Fanfiction: The Good, the Bad, and the (Somehow) Published

 

 

FanFiction logo*Please note that this article is an opinion-editorial.


Throughout the internet, there is a vast array of writings that are made by those who are dedicated to their subject matter, people who enjoy both creating an extension of established continuity for several franchises, as well as creating completely unthought of combinations for the pure sake of just having it done.  People of all ages, backgrounds, and writing skills work for long periods of time—sometimes as long as an hour—to create enjoyment for others.  These people are many, diverse, and relatively unknown in the grand scheme of things.  They are the ones who write fanfiction.

SPOILERS BELOW




The Good


I’m going to first say that not all fanfiction is horrible, or even made to give an already established world a badly done comb-over; in fact, I know of several people who not only enjoy reading fanfiction, but writing it, as well.  Fanfiction is a way for someone to express their writing skills in a safe, established environment without having to worry about creating too much original work such as world-building.  For some young (in terms of length of time writing, not age) writers, fanfiction is the best way to hone their skills, getting some feedback from readers who both do and do not know the source material well.  It’s good practice for the world of publishing as a whole, with the minor fact that it doesn’t deal with quite so much institutional bureaucracy as a publishing company does.  More to the point, I have written fanfiction.


In the past I’ve been part of a few online fan organizations devoted to Star Wars, and throughout my time with nearly each of them, I would write stories.  Whereas a lot of fanfiction revolves around established characters from the source material, most of mine were about original characters of either my own or someone else’s creation, thus making a somewhat unique, yet familiar, setting.  There were times when I used established characters, but they were for very minor roles, so as not to draw attention away from the “main” characters of my stories.  I feel that this is the best way to create fanfiction: write from the perspective of the unknown, the unseen, the unheard individuals in the established continuity.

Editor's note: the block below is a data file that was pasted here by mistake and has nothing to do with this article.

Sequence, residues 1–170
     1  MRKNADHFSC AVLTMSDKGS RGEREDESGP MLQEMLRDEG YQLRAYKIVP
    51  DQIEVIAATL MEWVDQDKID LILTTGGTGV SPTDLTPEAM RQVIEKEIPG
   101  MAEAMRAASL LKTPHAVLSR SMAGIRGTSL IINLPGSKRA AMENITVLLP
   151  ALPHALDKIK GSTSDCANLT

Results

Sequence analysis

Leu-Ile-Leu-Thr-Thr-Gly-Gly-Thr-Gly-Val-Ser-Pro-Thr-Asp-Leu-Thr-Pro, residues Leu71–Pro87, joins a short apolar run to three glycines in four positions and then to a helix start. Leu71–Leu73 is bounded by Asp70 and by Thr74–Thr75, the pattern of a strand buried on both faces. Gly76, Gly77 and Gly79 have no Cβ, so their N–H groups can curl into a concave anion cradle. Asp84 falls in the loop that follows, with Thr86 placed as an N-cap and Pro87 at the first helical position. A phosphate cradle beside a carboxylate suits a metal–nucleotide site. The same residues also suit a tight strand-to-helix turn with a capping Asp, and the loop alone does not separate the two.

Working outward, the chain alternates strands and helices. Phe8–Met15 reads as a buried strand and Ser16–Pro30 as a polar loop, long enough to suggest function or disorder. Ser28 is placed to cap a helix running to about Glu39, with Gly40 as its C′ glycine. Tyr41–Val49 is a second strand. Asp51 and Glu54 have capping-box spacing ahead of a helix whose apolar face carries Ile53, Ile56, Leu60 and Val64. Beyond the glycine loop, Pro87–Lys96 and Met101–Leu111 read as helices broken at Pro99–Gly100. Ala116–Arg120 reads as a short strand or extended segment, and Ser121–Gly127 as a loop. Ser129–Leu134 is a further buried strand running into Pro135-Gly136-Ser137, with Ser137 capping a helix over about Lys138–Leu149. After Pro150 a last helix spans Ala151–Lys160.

The Bad


For every good piece of fanfiction out there, there are loads more that are just bad to the point where I want to gauge my eyes out.  It’s not so much that I have a problem with most of the plots or ideas behind a story, but it’s the execution that really brings it down for me.  A story can have such a great plot, with great characters—established or original—but if it isn’t told in a way that makes sense, it just doesn’t catch my attention.  It’s rather sad, to be honest, to see such great ideas go down because of how a person chose to write them.


And, let us not forget the ever popular pairing of unlikely characters for the sake of shock value.  I have no problems with shock value, it can be a wonderful tool, but it also needs to be believable; you cannot take two characters that are diametrically opposite of one another in terms of personalities and have conflicting experiences with one another and suddenly turn them into a lovey-dovey couple.  It just does not make sense to me, and if it doesn’t make sense, then it doesn’t tell a good story.



The (Somehow) Published


The hardest aspect of having fanfiction is getting it published legitimately.  Because of fair use laws, most stories cannot be published with the intention of acquiring profit—that’s why such sites as FanFiction.Net can exist without being prosecuted for their contents—but there is one way to get around those laws: get the approval of the copyright holder.  It’s not an easy thing to do and usually it is the copyright holder who asks the writers to create such stories.  In fact, this is how large universes such as Star Trek and Star Wars work. Authors are asked to contribute to the whole.  Some might argue that this isn’t really fanfiction, but rather a professional establishment; however, I want to point out something concerning that. Have you read all of the Trek and Wars books that are out there?  I haven’t and I’m a rather large fan of both, but the one thing I have observed is that there are several novels and short stories that are legitimately published in both franchises that just plain suck.


There are only a handful of books within the Star Wars Expanded Universe that I truly enjoy, with several more being an “okay” read, and with a few more being at the bottom of the pile with writing skills that make me want to cringe.  In comparison, the vast majority of the Trek books, which don’t interconnect like the EU does, are just outright horrible, with only a few—mostly written by Peter David—grabbing my literary attention.  The point I’m trying to make is this: I’ve read several fanfiction stories that are superior in storytelling and characterization than those that have been published under these two science fiction giants.  Fanfiction can be, and is, published for the reading masses, but that doesn’t make them worse—or better—than the ones on the Internet.



So, if you’re a fanfiction writer—and you’d be surprised how many of us have written such things in the past—try to remember that it shouldn’t be considered a means to an end.  Use your pieces as a way to hone your skills for when you want to write something original.  We need more good writers in the world.

 

 

Last modified on Thursday, 27 December 2018 17:13

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